The image below is the last in a series I’ve made using both an original World War One postcard and a photograph I took in Verdun. All are works in progress.
I’ve been fascinated with the backdrops in some of these postcards for quite some time now and have been looking at ways of using them in works relating to the Great War and, in particular, the issue of empathy.
The original postcard is of course in black and white (with a greenish tint) and shows a soldier about to head to the Front, standing, leaning on a chair.
Behind him is an idealised image – an idyllic, invented landscape, a far cry from what he was, perhaps, about to encounter, but close in some respects to what we find on battlefields today; where there were trenches, arms, barbed wire and bodies, there are now trees. And amidst the trees, incongruous concrete Pill Boxes stand and watch as the seasons come and go. Everything is slowly reclaimed. The trees in the image at the top of the blog spill to reclaim the past – the interior of the studio – through the gap left by the missing soldier.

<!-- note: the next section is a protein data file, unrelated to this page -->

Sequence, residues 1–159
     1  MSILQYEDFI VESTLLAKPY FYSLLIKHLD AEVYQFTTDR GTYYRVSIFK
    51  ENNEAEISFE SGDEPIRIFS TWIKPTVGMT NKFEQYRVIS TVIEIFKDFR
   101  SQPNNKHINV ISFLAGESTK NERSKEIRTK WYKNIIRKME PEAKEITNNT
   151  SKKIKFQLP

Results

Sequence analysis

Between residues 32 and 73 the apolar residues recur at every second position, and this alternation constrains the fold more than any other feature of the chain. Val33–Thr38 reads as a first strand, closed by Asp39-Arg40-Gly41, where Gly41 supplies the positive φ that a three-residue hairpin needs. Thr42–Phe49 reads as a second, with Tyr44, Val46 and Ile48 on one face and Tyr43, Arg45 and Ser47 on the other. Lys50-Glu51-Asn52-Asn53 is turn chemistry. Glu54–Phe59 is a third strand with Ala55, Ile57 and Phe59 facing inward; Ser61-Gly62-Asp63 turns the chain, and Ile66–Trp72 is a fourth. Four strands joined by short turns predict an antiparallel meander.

I have placed the solider back beyond the gap left by the vague shape of his own body, to remind us that people like the soldiers we see in all these postcards, were once like those of us who have visited the battlefields. They too would have known what it was to stand in a wood. To listen to the wind blowing through the branches.
To stand and do just that, is one way to remember them.